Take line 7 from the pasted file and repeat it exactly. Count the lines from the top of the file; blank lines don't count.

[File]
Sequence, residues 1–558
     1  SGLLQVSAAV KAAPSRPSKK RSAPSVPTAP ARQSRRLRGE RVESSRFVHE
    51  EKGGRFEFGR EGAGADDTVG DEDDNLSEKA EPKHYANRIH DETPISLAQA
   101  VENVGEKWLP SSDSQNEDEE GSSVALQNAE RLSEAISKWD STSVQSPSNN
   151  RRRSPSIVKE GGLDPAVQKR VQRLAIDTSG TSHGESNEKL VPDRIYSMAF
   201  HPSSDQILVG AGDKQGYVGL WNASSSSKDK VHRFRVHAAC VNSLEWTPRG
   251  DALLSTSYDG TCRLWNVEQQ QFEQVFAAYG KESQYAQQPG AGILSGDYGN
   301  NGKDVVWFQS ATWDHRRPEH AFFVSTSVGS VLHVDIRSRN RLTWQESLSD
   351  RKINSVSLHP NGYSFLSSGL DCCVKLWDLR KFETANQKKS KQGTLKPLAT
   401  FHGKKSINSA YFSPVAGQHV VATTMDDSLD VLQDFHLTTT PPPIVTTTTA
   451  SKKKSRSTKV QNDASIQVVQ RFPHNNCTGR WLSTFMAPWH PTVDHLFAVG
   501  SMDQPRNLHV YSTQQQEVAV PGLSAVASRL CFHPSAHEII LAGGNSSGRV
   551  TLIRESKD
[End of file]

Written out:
   251  DALLSTSYDG TCRLWNVEQQ QFEQVFAAYG KESQYAQQPG AGILSGDYGN